The Meat Puppets play SOhO.
Lisa Engelbrektson

Bassist Cris Kirkwood was absolutely correct in what he said before his band’s recent performance at SOhO: The Meat Puppets are a band who has been behind the scenes, passionately rockin’ out, and laying groundwork for what would become great indie music years down the line. And Chris more than proved his words (and worth) during the band’s truly epic set (in front of an equally eager and excited crowd) last Thursday night. Having just as much fun playing onstage as their packed audience had off, the band’s show was an innovation and delight to witness.

The brothers Kirkwood stuck mostly to tunes off their highly celebrated second album, 1983’s Meat Puppets II, performing “Plateau,” “Oh Me,” and “Lake of Fire.” Some of their instrumental numbers were just as memorable, and really allowed lead singer/guitarist Curt Kirkwood to showcase his incredible talents on the guitar – as well as his whistling chops on “The Whistling Song.” The Meat Puppets have never been restrained by or committed to a genre, and in true revolutionary form, they segued beautifully from Americana to rockabilly to punk to country throughout the course of the night. And they did so without ever losing the attention of their audience, who grooved along in unison.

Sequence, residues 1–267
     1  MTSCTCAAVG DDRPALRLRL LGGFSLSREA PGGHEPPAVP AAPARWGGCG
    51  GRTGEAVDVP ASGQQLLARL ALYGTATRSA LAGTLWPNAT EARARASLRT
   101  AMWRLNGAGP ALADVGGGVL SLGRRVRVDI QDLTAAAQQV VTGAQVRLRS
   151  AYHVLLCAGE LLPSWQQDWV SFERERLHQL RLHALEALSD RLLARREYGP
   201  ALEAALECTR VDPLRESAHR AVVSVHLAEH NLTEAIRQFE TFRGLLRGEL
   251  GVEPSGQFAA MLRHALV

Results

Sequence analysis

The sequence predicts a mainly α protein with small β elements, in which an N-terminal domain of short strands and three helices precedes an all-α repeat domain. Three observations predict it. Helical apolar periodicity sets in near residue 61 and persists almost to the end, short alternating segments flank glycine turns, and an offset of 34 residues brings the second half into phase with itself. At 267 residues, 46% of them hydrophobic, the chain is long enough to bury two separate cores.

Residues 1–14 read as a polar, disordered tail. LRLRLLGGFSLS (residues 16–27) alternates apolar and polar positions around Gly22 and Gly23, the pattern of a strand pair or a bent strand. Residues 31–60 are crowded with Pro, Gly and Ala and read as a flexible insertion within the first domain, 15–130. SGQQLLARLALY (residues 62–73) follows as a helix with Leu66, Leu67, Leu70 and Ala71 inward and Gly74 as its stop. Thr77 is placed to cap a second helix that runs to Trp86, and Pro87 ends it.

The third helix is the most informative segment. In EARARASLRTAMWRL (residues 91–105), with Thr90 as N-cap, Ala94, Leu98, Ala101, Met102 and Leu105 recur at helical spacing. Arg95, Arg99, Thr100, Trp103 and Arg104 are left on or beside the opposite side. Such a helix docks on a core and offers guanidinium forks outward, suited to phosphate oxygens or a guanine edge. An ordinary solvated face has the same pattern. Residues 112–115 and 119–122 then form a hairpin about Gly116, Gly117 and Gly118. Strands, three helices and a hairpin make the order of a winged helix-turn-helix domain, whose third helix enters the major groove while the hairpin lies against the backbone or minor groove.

After an hour of straight tunes, the threesome exited stage right, but was quickly demanded back by the more devout ticket holders. They returned to play three more songs, officially ending with their 1994 hit, “Backwater.”

Opening on Thursday night were Santa Barbara’s own Cat OK, and the Portland-based band, The Shaky Hands. Cat OK played a moving 33 minute-long set comprised of interesting melodies somewhat reminiscent of Menomena, but with a more poppy feel. The Shaky Hands were something unusual in their delivery. Overall, they sounded much like Ween might sound without Ween’s signature novelty, resulting in funky collection of drum and bass driven songs with excellent bridges, rather compelling lyrics, and an almost Kings of Leon-esque tendency to jam. The combination was superb, and after their set it seemed like several browsed (and likely purchased) from The Shaky Hands’ merch table.


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